The government has approved commercial cultivation of genetically modified eggplant resistant to insect damage, marking a significant breakthrough after seven years of research, a top official said Friday.
Bangladesh becomes the 29th country in the world to commercially grow a genetically modified crop. Genetic modification of crops is one of the most controversial and polarizing issues in global agriculture. It is contested by environmental activists on concerns over food safety even as scientists research on transgenic crops to tackle drought, salinity and pest-related problems in agriculture.
“Cultivation of four varieties of Bt brinjal [eggplant] has been approved by the environment ministry and planting will start this month,” Director General of the Bangladesh Agricultural Research Institute Rafiqul Islam Mondal told The Wall Street Journal.
“We have taken the Bt gene technology from India’s Mahyco company but all varieties have been developed by our institute,” Mr. Mondal said. U.S.-based crop science multinational Monsanto Co. MON +1.74% has a 26% stake in Mahyco.
Mr. Mondal said cultivation will be done under strict monitoring, on a limited scale and the four varieties will be specific to four different regions.
December-January is the main planting season for eggplant in Bangladesh though it is also grown in the highlands over June and July.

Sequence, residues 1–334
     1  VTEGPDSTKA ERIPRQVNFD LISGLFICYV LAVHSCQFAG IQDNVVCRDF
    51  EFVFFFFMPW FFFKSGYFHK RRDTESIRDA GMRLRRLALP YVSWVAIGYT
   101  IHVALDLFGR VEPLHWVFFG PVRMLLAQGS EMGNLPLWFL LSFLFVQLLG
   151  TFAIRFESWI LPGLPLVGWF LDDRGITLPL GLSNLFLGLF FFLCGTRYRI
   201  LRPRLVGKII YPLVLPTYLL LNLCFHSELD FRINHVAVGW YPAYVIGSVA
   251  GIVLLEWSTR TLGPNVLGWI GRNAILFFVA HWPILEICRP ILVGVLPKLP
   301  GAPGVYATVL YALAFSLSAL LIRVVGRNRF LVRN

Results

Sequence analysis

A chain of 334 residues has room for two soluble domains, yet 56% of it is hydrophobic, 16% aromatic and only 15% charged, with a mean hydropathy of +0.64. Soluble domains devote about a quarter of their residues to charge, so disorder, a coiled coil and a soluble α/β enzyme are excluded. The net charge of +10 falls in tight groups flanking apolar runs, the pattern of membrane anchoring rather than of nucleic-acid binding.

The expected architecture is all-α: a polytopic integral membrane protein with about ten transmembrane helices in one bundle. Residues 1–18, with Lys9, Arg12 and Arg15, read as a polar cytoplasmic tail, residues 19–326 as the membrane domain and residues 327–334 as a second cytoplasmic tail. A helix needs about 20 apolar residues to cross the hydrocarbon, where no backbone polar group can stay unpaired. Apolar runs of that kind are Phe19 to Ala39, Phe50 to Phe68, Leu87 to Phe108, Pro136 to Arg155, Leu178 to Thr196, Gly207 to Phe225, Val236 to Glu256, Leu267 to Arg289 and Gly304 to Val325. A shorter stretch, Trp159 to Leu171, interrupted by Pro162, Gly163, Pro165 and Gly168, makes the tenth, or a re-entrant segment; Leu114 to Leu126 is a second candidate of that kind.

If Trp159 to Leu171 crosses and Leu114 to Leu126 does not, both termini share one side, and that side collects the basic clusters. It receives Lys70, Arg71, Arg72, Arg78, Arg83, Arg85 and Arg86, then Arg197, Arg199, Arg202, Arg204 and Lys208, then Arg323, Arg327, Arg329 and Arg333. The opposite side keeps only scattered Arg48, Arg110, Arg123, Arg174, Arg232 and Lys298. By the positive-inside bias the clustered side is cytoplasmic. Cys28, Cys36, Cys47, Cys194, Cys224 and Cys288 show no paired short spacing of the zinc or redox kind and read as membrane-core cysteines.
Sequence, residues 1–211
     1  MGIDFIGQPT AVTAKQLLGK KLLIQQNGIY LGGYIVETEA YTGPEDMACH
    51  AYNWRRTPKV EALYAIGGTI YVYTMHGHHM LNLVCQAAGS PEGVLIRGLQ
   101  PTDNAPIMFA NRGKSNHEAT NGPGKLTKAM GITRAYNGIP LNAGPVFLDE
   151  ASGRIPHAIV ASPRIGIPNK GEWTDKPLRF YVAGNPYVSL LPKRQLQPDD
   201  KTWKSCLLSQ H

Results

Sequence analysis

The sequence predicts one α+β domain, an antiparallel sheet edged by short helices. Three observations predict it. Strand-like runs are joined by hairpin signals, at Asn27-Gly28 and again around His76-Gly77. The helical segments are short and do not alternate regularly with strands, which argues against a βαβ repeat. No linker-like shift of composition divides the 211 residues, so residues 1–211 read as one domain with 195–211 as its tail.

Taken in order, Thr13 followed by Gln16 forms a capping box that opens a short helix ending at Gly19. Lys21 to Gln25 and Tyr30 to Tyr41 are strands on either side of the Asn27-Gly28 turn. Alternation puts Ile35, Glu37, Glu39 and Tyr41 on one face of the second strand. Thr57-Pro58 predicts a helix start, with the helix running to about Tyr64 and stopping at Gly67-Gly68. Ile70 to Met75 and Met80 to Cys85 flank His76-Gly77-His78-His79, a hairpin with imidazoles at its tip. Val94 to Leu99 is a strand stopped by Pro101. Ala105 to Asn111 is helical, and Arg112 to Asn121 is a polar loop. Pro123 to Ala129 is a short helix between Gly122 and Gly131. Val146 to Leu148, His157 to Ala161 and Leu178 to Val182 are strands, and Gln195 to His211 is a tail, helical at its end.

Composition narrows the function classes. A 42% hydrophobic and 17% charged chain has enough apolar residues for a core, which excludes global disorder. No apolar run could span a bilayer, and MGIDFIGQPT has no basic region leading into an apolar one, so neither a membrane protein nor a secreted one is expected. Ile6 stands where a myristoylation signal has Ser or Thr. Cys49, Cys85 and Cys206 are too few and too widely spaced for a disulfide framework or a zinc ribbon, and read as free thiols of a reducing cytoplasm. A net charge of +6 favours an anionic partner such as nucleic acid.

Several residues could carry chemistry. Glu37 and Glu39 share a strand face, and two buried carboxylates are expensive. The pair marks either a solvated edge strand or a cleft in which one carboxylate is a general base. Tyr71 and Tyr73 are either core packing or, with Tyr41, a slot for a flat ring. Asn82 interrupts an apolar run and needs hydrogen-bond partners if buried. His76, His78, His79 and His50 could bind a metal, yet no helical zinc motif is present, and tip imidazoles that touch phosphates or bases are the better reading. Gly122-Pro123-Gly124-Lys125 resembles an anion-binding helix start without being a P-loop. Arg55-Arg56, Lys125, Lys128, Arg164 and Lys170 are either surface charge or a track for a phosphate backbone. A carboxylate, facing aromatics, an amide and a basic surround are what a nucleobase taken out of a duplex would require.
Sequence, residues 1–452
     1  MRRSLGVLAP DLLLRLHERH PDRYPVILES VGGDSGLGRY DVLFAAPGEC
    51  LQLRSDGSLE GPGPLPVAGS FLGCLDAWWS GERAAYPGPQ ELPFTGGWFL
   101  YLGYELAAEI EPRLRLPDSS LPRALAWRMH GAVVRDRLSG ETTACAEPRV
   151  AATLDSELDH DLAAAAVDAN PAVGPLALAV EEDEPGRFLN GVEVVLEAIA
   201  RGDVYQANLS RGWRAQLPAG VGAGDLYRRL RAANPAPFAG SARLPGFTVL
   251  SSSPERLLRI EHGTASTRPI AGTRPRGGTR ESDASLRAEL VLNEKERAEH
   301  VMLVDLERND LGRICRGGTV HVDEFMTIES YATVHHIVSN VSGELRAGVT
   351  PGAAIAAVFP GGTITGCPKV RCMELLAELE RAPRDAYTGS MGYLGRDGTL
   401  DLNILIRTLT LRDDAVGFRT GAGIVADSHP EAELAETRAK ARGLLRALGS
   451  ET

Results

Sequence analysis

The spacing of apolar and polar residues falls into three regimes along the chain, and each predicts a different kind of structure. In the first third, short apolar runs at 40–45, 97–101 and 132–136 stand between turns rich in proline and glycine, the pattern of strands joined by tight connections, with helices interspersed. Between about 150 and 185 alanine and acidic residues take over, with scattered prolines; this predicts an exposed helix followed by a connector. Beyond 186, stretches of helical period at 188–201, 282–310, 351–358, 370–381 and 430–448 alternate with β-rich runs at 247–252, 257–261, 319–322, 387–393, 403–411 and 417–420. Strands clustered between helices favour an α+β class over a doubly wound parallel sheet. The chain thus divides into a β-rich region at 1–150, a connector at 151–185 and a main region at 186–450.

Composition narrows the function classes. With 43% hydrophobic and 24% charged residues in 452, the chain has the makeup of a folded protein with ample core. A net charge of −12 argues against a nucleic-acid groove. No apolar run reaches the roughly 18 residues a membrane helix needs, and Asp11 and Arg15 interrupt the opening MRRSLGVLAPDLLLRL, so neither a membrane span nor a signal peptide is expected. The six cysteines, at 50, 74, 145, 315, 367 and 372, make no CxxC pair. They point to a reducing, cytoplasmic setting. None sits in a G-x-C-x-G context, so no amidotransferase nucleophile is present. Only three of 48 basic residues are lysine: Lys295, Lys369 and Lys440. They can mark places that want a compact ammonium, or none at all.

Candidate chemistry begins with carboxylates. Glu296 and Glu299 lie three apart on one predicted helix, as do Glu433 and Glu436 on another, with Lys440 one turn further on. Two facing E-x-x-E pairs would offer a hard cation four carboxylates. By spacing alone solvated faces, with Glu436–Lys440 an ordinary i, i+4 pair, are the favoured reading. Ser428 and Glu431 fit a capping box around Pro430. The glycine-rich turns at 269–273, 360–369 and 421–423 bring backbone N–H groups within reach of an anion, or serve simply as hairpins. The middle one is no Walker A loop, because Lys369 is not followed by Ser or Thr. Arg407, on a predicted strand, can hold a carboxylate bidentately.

Genetic modification of eggplant by introducing the “bacillus thuringiensis” gene will help tackle the menace of the fruit and shot borer, one of the most damaging pests for the crop, Mr. Mondal said. This pest has damaged between 25% and 70% of Bangladesh’s eggplant crop in the past, he added.
With the introduction of genetically modified eggplant, “marketable” yields could potentially be doubled in the next few years, Mr. Mondal said. Currently large volumes of damaged crop are rejected by consumers in the retail and wholesale market and have to be thrown away.
“We are doing trials of five more varieties of Bt brinjal and plan to apply for permission for commercial cultivation next year,” Mr. Mondal said.
Separately, Bangladesh is researching on genetically modified potatoes to tackle the serious disease called “late blight of potato,” but trials will take up to three years, he said.
India’s Mahyco is developing a series of genetically modified varieties of wheat and rice to boost crop yields by tackling drought, salinity and pests, the company’s chief technology officer, Usha Zehr, told The Wall Street Journal in a recent interview. She said the company has also submitted an application to the regulatory authority, seeking permission to undertake field trials for a herbicide-tolerant variety of genetically modified wheat.
However, a technical committee appointed by India’s Supreme Court in October 2012 had recommended a 10-year blanket ban on field trials of genetically engineered food crops, prompting criticism and opposition by many scientists.